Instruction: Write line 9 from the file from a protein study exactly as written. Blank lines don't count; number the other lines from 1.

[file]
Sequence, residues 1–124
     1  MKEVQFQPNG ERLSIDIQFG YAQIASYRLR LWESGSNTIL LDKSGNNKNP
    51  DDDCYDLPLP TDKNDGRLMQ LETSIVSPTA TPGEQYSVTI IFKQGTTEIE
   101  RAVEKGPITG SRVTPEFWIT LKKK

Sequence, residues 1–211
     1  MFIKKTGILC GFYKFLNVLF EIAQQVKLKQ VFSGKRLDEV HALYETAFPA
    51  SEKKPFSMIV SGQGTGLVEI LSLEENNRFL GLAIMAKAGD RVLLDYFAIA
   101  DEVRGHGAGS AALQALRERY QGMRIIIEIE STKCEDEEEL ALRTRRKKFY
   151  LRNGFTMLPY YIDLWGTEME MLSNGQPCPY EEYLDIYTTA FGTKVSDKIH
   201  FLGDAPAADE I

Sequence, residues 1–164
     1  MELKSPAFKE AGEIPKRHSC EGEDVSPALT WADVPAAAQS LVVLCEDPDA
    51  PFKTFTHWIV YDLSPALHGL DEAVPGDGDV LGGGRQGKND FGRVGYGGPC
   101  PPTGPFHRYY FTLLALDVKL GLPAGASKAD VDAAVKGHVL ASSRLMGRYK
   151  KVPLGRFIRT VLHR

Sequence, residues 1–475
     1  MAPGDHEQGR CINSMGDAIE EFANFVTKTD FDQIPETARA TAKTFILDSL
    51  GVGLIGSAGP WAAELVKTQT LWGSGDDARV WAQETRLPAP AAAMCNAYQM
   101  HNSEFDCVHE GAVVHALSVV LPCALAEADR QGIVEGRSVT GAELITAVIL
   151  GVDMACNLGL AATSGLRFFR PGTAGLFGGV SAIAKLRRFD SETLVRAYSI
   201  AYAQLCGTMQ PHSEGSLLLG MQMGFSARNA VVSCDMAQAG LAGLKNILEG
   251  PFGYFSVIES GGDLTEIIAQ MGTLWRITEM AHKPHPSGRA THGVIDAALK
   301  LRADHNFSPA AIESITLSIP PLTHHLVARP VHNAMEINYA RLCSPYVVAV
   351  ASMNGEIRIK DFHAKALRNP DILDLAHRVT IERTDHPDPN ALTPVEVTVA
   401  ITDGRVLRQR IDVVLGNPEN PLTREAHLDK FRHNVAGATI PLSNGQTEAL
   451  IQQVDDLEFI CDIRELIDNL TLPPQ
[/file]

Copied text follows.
   151  LRNGFTMLPY YIDLWGTEME MLSNGQPCPY EEYLDIYTTA FGTKVSDKIH